On Thursday, July 20, former National Football League star running back O.J. Simpson will plead his case to a parole board.
Despite the notoriety that came from the murder trial, as well as being the 1968 Heisman Trophy victor and Hall of Fame running back for the Bills, two former chairs of the Nevada parole board told NBC News Simpson will be treated simply as "Inmate #1027820".
O.J.is now locked up because he broke into a Las Vegas hotel room on September 13, 2007, and stole at gunpoint sports memorabilia the he claimed was his.
Simpson is being considered for parole for kidnapping, robbery, assault with a deadly weapon and the use of a deadly weapon enhancement.
"The people that are making this decision are part of the legal system", Galanter said. He was found guilty by a jury on all 12 charges. "The law said he didn't do it". In a statement published on its website, the parole board said all commissioners use the same risk assessment and guidelines, adding, "There is no evidence that the board is aware of that indicates that one location has panel members who are more conservative or liberal than the other location". Eastern time on Thursday, USA Today reports.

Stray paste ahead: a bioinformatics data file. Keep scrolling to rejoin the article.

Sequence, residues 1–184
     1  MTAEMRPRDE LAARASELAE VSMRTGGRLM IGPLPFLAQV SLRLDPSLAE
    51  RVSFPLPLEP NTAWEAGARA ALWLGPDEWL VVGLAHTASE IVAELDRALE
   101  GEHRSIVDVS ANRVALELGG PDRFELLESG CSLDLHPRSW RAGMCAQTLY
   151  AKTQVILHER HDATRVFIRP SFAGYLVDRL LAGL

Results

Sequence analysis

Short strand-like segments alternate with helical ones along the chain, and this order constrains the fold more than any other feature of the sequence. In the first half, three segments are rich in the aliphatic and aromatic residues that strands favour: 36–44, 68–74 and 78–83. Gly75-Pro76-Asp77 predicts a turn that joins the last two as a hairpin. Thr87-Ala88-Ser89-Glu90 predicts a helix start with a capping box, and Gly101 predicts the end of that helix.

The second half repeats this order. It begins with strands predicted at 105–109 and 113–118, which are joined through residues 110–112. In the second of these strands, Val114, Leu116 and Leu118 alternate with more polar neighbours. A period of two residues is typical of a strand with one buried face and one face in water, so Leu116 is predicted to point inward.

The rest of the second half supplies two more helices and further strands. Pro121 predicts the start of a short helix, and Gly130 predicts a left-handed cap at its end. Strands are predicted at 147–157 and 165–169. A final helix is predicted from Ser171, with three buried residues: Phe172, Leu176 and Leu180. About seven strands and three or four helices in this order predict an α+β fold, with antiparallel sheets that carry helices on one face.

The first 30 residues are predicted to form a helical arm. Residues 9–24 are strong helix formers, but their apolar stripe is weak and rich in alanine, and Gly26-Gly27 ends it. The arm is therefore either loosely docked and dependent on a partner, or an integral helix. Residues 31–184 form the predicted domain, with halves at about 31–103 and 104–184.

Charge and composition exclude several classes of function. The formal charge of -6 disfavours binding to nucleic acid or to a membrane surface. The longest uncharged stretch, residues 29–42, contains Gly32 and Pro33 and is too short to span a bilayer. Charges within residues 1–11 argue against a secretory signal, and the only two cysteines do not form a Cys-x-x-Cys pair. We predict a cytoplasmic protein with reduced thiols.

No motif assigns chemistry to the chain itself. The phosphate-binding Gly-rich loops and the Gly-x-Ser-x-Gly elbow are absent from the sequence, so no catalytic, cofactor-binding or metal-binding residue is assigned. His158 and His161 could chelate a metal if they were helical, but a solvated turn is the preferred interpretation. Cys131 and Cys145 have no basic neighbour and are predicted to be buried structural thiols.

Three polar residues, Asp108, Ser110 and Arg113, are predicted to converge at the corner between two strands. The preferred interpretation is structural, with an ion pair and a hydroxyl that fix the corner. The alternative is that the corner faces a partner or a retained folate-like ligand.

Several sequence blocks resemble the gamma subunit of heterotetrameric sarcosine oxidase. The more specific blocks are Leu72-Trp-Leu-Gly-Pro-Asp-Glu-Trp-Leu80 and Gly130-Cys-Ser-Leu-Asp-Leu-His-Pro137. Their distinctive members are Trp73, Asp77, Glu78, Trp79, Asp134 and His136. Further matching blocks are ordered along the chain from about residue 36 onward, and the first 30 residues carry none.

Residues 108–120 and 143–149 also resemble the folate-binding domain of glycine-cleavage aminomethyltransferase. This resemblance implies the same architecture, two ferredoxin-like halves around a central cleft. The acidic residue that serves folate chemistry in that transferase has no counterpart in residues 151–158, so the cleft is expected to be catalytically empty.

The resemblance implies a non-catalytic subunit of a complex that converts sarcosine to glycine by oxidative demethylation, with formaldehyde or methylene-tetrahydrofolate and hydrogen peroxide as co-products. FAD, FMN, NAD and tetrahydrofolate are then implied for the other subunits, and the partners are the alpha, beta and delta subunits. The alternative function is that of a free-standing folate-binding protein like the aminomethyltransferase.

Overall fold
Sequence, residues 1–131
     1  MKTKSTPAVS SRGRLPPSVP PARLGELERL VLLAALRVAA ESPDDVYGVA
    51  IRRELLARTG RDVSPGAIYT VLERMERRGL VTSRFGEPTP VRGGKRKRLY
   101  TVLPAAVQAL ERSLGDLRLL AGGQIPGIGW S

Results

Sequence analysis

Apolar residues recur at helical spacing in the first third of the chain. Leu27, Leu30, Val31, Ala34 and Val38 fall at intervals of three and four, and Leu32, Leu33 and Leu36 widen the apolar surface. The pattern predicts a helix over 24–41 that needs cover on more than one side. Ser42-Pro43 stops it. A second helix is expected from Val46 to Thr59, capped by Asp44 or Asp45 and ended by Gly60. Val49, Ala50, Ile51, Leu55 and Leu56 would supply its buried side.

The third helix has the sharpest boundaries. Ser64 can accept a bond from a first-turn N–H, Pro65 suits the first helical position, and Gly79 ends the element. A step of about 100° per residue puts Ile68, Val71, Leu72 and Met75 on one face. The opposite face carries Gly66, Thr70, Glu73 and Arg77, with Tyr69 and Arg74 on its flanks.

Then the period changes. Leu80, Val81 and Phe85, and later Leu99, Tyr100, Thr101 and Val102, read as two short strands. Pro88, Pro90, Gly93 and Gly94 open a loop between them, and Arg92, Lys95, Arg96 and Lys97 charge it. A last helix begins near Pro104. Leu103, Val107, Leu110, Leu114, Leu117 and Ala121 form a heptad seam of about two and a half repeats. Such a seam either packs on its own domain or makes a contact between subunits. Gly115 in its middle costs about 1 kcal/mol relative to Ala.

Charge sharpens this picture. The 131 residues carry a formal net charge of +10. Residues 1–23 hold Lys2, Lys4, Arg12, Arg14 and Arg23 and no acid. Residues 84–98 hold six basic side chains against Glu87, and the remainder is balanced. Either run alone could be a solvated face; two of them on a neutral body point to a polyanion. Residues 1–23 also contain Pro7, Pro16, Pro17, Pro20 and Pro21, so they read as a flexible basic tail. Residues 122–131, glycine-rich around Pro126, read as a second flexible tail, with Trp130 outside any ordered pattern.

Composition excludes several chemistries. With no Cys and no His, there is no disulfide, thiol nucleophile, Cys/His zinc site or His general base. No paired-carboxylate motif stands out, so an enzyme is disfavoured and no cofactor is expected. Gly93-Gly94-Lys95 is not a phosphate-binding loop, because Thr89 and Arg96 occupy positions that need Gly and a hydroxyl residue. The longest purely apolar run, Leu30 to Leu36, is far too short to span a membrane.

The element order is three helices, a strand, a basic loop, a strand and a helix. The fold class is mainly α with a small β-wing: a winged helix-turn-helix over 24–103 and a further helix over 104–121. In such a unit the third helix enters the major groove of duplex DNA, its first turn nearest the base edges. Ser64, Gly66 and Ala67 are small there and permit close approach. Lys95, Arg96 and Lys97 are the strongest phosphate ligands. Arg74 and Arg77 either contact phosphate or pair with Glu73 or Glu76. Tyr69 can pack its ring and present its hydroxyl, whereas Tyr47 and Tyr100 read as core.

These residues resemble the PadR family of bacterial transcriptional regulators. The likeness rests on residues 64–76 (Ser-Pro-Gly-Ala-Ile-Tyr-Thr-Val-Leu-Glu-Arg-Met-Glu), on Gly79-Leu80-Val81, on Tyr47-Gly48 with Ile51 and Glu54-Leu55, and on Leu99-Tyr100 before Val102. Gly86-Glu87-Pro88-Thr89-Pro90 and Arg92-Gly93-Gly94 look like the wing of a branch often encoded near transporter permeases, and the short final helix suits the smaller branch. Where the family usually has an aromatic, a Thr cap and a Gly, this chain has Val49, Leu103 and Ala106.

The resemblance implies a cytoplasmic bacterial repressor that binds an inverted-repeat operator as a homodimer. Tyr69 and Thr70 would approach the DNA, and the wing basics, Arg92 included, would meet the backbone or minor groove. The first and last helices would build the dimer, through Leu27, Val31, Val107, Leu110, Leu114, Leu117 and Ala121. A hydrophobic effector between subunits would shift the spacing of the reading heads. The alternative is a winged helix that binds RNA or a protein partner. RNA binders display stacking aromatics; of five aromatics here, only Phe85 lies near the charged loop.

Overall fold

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Another former parole board chairman, Thomas Patton, told NBC that the current board will not be swayed "by something that was put out in a media context". They already know his record as a prisoner.
"From what I've been told, the primary focus of his life is to get parole right now", David Ng told USA Today.
The commissioners will examine Simpson's behavior in prison, and ask him questions about his plans for the future - including where he intends to live if released.
Simpson could walk free as soon as October 1.
The Nevada parole board regularly meets about three months ahead of an inmate's parole eligibility date, which is why Simpson is on next week's agenda.
"Galanter, who has not spoken to Simpson in a while, said the "$24 million question" is what he will do if he is freed. "Spend a lot of time with your family and your friends. Make sure your health issues are taken care of and really live under the radar".